Wisdom is not an automatic consequence of the passage of years.  Wisdom is the hard-won reward for the willingness to engage in often painful, self-reflection.  It comes from a willingness to take responsibility for one’s actions even when it hurts.  It also requires that we set aside quiet time for reflection, learning and finally embracing all of who we are including the parts we would rather not see the light of day.  The maturity that comes with wisdom has a price tag that our popular culture does not support and that many seem unwilling to pay.

What is the impact of a large section of society refusing to engage in the tasks required to gain wisdom?  A person who refuses to endure the painful, self-reflection that leads them to a better understanding of the totality of who they are sentences themselves to a life in which they are unable to accept their “shortcomings”.  They must expend vast amounts of energy making sure no one finds out about those limitations.  Of course, it’s really easy to see this in others.  It’s almost impossible to see it in yourself unless you go looking for it. 

Another impact of staying “young” is that people are unwilling to accept the impact they have on other human beings while loudly decrying the impact others have on them.  The not-so-recent trend towards incivility is a symptom of this. 

Finally, the unwillingness to accept responsibility leaves others having to pay for harm caused by “young” people.  Does anyone leave notes on parked cars anymore when they crash into them?  As a society I believe we have shifted to the point that we would be surprised if anyone did.

In the arena of parenting, “young” people cause unimaginable harm.  Parents who have children outside of a stable, mature relationship sentence their children to a world of uncertainty, risk and a frightening lack of limits during a time when stability, safety and limits designed to protect are of utmost importance.  My “favorite” is the single parent who says their child is their best friend.  Children need their parents to be parents.  Their best friends should be their own age.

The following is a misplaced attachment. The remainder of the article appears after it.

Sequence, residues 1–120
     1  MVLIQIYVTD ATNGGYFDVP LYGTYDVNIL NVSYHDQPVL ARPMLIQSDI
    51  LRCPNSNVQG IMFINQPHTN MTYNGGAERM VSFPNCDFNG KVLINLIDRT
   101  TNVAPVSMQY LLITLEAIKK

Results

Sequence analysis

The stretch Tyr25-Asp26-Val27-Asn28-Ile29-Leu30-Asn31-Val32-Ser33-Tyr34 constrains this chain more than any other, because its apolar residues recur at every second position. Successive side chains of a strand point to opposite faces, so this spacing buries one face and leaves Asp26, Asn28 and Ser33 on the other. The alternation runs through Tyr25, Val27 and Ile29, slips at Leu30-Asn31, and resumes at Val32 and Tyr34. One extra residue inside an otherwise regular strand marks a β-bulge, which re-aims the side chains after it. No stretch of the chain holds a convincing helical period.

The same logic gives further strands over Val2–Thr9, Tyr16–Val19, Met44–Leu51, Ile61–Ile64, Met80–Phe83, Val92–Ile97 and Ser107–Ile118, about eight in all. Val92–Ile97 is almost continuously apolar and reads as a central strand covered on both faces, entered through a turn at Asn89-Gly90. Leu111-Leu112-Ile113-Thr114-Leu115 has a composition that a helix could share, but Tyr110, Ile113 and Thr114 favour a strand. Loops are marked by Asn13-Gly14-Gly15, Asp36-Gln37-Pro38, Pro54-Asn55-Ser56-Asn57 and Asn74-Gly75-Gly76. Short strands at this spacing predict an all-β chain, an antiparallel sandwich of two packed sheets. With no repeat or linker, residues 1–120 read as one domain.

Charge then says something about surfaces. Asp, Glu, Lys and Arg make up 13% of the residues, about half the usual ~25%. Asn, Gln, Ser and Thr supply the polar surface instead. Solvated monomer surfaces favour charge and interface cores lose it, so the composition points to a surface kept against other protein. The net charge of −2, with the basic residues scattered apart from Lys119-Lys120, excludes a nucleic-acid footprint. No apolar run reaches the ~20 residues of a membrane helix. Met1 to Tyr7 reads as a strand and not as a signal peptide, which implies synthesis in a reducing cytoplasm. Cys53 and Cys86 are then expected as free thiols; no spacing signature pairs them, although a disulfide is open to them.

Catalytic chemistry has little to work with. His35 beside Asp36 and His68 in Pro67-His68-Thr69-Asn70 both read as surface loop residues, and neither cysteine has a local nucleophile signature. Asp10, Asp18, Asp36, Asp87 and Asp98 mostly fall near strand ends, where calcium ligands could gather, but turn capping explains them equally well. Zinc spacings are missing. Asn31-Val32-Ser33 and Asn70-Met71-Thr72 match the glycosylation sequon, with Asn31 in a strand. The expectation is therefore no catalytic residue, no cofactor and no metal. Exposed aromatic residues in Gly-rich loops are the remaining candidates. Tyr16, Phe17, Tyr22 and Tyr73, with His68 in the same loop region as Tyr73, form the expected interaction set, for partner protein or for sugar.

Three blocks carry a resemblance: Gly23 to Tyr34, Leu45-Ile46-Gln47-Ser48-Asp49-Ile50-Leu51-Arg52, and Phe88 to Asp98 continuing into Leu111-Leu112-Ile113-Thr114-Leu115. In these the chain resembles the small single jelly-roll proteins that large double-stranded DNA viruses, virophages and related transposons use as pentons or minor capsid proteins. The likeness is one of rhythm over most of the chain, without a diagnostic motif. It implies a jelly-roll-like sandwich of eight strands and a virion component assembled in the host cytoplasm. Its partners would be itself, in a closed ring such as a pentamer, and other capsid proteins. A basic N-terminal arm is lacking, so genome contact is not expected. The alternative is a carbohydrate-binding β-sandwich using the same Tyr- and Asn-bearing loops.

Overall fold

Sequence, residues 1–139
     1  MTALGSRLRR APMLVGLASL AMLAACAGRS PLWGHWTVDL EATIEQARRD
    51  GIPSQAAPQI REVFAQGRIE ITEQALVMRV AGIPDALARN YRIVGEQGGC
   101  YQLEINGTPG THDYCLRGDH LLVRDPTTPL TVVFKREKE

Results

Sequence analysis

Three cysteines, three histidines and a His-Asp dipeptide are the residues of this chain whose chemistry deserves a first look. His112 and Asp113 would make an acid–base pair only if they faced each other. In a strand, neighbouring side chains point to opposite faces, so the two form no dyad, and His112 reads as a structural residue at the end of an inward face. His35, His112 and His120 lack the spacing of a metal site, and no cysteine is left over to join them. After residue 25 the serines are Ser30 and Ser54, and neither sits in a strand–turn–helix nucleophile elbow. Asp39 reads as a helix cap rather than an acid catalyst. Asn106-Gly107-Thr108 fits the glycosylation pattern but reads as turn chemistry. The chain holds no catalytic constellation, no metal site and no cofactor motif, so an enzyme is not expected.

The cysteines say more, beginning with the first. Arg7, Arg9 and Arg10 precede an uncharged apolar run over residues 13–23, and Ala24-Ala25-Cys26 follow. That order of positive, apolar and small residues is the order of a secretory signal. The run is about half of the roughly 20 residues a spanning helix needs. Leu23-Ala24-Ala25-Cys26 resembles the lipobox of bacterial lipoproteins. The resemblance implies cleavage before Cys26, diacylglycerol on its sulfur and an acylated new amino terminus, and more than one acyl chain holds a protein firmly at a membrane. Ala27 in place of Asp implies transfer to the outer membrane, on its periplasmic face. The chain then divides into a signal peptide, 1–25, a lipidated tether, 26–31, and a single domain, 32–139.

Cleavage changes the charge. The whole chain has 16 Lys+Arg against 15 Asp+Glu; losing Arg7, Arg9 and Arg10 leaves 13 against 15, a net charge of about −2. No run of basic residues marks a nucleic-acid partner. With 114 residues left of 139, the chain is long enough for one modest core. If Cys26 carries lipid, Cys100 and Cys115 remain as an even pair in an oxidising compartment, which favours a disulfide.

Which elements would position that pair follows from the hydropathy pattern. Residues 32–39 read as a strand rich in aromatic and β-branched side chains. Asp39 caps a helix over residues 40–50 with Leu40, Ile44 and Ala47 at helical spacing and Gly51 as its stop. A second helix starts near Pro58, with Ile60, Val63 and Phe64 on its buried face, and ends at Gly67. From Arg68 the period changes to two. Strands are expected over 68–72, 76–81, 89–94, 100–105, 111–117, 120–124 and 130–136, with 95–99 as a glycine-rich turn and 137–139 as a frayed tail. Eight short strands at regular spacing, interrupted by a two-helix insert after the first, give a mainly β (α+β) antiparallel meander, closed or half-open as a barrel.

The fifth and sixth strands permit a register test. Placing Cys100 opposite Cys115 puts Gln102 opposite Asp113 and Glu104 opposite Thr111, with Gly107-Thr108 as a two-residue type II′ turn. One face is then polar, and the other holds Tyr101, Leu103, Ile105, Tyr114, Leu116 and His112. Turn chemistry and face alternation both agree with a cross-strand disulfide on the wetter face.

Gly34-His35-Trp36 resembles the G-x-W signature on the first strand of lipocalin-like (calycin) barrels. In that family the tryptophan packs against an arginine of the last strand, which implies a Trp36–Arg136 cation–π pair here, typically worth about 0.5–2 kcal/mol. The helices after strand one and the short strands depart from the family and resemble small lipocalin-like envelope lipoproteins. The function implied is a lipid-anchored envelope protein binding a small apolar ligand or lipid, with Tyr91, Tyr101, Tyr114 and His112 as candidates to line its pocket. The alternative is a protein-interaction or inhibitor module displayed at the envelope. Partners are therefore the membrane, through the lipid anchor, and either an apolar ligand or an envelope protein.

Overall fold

Don’t get me wrong…I am certain all these people would be horrified if they could see their own impact.  I am certain that they are caring, wonderful human beings all doing the best they can with what they have.

What is it that has people choose to stay “young”?  In speaking with people about this, I’ve discovered that many of them have a definition of “grown-up” or “adult” that is past its expiration date.  They list words like boring, old, dull.  Boring comes up a lot.  Responsible gets a lot of air time too.  Some just say, older than 18, like being an adult is an automatic thing.  It’s not and maybe that’s part of the problem. 

To me, a mature adult is someone who engages in life with joy.  Someone who is comfortable with all parts of themselves, even the ones that made them uncomfortable when they were younger.  Someone who no longer needs to strive for something.  They contribute because they enjoy contributing not because they have something to prove.  Others feel peaceful around them.  Of course, this is an aspirational definition and all of us will fall short at one time or another.  However, to me it is a far more appealing definition of adult and one worth aspiring to.

It seems to me our collective definition of adult is past its expiration date.  How much fun would it be to be an adult if the definition was boring, old, dull, and responsible?  How much more appealing would it be to be an adult if the definition was “someone who engages in life with joy, is comfortable with themselves, contributes for the pleasure of it, embodies peace.”  You choose which one works for you.


 
 
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Whereever there are groups of people working together there are politics.  Politics are as much a part of life at work as they are on the national political stage.  There are elections with winners and losers although in business we call them hiring/firing and promoting/passing over decisions.  And the choices aren’t made democratically.  To get anything of any substance accomplished, you have to become skilled at building alliances, collaborating, polling (in business we call this socializing), influencing, getting votes (gaining agreement).